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  • Search for a better way....

    I've been reading through the forums like mad for the last week (since i found this site) and searching the net for almost a month, and still am unable to find a good, high power, dc-dc, regulated power supply, anyone want to just kick out some ideas?
    Da_Kooz

  • #2
    Oh, and I also want it to be simple, that i and others could expound upon themselves, and yes i did notice master's mks
    Da_Kooz

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    • #3
      use a lower power system
      Signature: [==||========] 20% complete

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      • #4
        Build a Sproggy...
        Oh.. You wanted it SIMPLE

        Those are your two options. Build a sproggy or go with a lower-power setup.
        Deal with it or do something to create a better option for yourself and/or the rest of us.
        Have you looked in the FAQ yet?
        How about the Wiki?



        Under normal circumstances, a signature would go here.

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        • #5
          That's about what I expected, thanks anyway guyz.
          I'm still working on it, and if I do come up with anything i'll post it
          Da_Kooz

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          • #6
            What is it you're wanting to power?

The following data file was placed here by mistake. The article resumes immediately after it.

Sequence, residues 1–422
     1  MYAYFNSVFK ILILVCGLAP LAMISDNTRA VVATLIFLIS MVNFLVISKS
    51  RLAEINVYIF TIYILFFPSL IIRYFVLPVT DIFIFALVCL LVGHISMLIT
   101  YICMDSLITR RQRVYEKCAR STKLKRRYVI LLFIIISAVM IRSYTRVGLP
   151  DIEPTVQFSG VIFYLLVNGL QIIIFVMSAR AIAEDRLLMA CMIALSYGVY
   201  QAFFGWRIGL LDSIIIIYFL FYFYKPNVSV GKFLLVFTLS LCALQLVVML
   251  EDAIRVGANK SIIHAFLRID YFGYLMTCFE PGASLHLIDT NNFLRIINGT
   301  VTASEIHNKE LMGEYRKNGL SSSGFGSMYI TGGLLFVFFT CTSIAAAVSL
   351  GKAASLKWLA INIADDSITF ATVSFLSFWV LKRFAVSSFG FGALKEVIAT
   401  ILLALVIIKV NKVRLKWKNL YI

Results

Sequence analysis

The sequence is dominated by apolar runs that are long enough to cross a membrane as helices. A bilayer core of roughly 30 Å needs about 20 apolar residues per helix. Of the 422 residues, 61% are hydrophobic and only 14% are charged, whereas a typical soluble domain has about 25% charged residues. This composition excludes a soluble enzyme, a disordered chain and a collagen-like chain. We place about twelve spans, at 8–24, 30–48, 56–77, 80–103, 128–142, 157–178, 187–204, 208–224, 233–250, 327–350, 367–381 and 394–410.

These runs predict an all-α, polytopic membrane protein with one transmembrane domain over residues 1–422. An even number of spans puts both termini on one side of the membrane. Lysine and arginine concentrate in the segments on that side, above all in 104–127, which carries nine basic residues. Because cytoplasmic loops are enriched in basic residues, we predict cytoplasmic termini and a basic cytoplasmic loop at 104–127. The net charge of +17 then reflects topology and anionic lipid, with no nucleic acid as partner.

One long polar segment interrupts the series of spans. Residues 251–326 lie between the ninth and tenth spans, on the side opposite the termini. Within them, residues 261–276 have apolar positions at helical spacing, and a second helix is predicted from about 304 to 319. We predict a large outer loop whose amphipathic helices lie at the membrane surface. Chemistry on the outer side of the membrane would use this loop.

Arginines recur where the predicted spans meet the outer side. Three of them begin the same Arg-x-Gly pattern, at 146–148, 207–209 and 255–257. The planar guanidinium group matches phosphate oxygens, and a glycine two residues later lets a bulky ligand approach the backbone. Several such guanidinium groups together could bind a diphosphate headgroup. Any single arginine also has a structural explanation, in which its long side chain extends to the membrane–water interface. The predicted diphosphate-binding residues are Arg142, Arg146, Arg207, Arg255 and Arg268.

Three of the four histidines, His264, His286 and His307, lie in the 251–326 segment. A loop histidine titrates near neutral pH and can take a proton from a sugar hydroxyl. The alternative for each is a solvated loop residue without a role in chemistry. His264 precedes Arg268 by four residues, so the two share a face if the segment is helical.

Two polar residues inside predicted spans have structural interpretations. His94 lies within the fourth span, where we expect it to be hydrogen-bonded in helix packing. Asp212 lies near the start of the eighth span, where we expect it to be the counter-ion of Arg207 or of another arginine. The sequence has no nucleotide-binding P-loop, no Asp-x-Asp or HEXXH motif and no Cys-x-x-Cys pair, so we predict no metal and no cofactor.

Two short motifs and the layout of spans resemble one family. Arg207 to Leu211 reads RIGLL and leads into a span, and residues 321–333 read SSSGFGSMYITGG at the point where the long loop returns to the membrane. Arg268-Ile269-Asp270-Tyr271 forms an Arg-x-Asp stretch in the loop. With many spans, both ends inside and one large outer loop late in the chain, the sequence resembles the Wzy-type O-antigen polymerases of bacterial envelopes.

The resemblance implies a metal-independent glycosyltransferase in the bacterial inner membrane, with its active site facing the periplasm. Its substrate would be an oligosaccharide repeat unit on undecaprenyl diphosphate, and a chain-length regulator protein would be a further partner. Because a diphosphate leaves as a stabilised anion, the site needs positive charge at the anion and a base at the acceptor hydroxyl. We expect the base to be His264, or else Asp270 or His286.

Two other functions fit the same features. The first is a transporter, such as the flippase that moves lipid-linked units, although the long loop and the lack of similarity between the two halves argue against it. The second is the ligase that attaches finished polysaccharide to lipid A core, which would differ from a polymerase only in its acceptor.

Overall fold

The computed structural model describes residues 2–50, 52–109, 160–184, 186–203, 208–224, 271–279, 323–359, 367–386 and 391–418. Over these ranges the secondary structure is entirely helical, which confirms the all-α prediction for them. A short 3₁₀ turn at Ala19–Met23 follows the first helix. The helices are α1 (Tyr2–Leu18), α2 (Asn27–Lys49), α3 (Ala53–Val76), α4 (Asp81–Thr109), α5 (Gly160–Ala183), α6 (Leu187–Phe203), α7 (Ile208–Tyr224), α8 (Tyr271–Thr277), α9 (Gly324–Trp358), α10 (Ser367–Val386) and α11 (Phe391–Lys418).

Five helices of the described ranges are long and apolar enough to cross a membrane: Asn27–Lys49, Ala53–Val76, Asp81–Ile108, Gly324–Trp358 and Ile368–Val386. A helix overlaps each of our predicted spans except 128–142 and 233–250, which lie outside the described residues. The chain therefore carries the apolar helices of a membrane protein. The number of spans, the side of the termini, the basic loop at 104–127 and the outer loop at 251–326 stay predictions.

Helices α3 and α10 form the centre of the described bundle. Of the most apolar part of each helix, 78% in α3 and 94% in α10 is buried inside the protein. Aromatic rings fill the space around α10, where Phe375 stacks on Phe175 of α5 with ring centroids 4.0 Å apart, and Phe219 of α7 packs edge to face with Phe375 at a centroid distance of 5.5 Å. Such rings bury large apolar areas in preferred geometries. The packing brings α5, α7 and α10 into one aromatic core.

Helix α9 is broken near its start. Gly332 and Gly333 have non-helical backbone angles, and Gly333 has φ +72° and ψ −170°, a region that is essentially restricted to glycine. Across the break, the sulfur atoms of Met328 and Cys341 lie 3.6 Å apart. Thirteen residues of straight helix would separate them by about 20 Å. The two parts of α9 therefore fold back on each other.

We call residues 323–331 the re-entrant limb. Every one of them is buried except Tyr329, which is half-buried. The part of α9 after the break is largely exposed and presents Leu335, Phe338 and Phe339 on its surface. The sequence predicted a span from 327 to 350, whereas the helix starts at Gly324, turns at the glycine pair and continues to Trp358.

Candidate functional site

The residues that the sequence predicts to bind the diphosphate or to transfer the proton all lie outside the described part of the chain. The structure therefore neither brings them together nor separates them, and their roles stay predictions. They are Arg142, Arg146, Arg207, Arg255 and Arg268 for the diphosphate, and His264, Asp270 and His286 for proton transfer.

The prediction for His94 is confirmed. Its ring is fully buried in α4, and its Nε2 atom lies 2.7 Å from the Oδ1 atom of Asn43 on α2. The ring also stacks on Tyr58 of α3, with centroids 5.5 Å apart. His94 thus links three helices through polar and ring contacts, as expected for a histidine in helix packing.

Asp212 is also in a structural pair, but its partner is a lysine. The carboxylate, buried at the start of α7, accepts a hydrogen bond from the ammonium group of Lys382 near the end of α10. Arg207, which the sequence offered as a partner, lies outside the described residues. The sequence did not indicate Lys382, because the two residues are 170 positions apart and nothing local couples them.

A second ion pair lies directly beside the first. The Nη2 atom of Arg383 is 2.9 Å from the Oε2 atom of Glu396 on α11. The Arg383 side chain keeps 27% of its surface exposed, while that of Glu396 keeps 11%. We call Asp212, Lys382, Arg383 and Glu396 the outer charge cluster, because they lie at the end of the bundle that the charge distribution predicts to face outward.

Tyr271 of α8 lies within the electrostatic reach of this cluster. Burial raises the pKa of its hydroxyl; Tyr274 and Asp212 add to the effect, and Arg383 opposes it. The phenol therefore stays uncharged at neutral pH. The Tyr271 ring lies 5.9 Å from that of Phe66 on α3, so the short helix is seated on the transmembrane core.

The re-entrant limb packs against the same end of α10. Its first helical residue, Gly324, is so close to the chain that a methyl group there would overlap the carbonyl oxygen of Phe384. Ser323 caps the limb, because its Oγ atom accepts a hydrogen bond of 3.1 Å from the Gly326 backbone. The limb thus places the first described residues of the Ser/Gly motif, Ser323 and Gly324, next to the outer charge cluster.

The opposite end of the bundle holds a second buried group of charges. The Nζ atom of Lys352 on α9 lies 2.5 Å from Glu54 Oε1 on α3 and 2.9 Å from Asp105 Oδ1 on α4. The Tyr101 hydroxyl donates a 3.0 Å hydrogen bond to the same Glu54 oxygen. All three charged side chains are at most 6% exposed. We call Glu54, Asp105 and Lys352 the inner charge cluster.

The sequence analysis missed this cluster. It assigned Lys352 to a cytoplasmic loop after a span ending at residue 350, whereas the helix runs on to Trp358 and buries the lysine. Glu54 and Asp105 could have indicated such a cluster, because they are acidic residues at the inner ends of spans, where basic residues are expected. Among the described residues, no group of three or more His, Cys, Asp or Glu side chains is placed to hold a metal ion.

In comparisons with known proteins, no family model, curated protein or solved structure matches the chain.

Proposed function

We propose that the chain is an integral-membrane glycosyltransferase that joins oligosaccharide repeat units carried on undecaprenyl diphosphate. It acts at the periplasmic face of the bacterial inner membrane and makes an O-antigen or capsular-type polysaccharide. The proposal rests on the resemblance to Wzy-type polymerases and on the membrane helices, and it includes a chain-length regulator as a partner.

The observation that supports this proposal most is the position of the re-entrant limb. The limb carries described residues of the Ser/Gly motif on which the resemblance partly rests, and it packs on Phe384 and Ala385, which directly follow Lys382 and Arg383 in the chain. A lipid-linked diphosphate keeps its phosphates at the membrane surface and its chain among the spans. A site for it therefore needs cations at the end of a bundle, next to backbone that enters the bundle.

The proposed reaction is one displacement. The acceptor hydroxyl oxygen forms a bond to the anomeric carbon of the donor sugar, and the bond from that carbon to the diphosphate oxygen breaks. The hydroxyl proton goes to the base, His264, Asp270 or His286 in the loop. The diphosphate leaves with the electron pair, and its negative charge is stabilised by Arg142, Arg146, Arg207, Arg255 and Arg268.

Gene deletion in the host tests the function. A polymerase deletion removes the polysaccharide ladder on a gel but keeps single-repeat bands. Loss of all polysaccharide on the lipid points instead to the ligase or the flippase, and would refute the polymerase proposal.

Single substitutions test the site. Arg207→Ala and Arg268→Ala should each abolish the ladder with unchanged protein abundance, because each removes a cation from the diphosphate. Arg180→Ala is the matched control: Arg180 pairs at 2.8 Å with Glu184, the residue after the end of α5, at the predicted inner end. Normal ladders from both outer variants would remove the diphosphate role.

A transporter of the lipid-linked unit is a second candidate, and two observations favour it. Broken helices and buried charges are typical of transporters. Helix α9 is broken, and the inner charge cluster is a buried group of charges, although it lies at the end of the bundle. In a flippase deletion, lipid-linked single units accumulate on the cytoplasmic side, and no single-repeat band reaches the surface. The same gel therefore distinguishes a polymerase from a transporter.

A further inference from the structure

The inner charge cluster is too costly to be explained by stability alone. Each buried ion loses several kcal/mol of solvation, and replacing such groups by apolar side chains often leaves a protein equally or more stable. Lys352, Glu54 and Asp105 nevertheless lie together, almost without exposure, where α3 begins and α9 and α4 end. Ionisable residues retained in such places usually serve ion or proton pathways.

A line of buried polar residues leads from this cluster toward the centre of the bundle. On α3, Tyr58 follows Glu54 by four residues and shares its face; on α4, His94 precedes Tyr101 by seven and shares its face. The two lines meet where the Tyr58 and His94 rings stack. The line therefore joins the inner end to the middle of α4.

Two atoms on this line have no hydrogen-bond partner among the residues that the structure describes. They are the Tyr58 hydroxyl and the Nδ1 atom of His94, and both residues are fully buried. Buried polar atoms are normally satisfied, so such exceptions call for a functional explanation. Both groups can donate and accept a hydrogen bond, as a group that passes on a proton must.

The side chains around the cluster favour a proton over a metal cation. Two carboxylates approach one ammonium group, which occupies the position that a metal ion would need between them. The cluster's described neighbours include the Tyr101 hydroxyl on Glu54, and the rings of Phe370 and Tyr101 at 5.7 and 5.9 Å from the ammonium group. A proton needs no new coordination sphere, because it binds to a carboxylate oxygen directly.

List it here, and we'll tell you what to do.


            Garry
            Co-Developer of A.I.M.E.E
            www.aimee.cc

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            • #7
              well, anything that comes from Mastero generally isn't that great, or well designed...

              I have been working on a switchmode PSU that is basically the same as a mains powered one, but that will run off 10-16 volts...

              so, instead of using underrated switchmode ICs for each rail, there will be a single switchmode controller IC, and a transformer with multiple secondary windings for each rail

              ummm... should be good for 300watts, and fairly small... reliable, and easy to build... only thing is, you have to wind your own transformer..

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              • #8
                >never_stock
                That sounds good, I'd like to see some plans if it works out.
                >confused
                i want to power a some stuff i have laying around, i think it's around 500mhz on an atx board, onboard video-might use a vid card if i want/need svideo or composite out, sound blaster 5.1 card, and a standard dvd drive. that's the base anyway, but i want to get that worked out first and have plenty of power left over for add-ons...
                Da_Kooz

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                • #9
                  should be good for 300watts
                  You realize you will be pulling 25 Amps through the primary windings (assuming 100% efficiency). It will have to be a specialized transformer indeed! It can be done, but you'll be dealing with very high switch frequencies, and a very tight transformer design. Not to criticize or anything, but you’re not the first poster to promise the world. If you pull it off you'll be a hero around here .

                  Walt
                  Walts DC DC ATX Power Supply

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                  • #10
                    i have an idea for making a high current voltage regulator out of an old multimeter and some caps....i know it sounds crazy, buy i don't really have anything to lose by trying...